Foreign nationals may also be sponsored for permanent residency by a potential employer in the United States. Employment-based immigrant visas are divided into five preference categories, are subject to annual visa limits (quotas), and may require a labor certification from the U.S. Department of Labor (DOL), and the filing of a petition with the Immigration and Naturalization Service (US CIS). As with the non-immigrant work visas, employment-based sponsorships for permanent residency are dependent upon the position which is being offered as well as the applicant’s qualifications for the proffered position.
The availability of a visa depends on the preference category in which the petition falls. The preference categories are as follows:
EB1 – First Preference
- Persons of Extraordinary Ability – similar requirements to the non-immigrant O-1 category
- Outstanding Professors and Researchers – similar requirements to the non-immigrant category of O-1
- Multinational Executives and Managers – similar requirements to the non-immigrant category of L1-A
No Labor Certification with the DOL is necessary under these categories.
EB2 – Second Preference
- Members of Professions holding Advanced Degrees—advance degrees generally meaning higher than a Bachelor’s degree; or
Aliens of Exceptional Ability in the sciences, arts or business and will substantially benefit the national economy, cultural, or educational interests or welfare of the United States.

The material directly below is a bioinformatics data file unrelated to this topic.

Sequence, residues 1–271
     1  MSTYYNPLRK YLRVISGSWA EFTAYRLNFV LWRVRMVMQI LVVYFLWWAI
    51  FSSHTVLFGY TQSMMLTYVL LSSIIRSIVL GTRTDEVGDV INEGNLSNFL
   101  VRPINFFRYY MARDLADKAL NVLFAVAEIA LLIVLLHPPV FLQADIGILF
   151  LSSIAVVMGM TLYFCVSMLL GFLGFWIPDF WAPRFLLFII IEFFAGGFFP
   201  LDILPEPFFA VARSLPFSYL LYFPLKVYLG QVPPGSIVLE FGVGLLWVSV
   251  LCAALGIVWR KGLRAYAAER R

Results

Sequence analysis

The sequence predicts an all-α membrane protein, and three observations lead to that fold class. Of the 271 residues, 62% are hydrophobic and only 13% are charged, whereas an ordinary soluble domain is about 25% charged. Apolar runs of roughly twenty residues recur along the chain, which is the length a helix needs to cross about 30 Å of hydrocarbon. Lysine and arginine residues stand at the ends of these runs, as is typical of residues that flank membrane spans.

Generally, beneficiaries under this category must have a job offer and the Petitioner must complete the labor certification process. However, if the individual can show that his/her entry is in the national interest, the job offer and labor certification requirements can be waived.
EB3 – Third Preference
- Skilled Workers, Professionals and other Workers
Skilled workers are those whose positions require a minimum of two years of training or experience. Professionals must possess a bachelor degree in the field and must establish that a bachelor degree is the normal requirement for entry into the profession. Other Workers refers to other unskilled workers.
Visa holders under normal circumstances must have a job offer and the employer must complete the labor certification process.